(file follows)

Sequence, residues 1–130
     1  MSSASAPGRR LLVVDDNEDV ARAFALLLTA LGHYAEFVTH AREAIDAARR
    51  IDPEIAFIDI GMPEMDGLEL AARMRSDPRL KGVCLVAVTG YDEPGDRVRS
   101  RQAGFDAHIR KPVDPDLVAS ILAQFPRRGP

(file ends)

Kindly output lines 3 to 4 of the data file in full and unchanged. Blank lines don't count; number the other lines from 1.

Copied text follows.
    51  IDPEIAFIDI GMPEMDGLEL AARMRSDPRL KGVCLVAVTG YDEPGDRVRS
   101  RQAGFDAHIR KPVDPDLVAS ILAQFPRRGP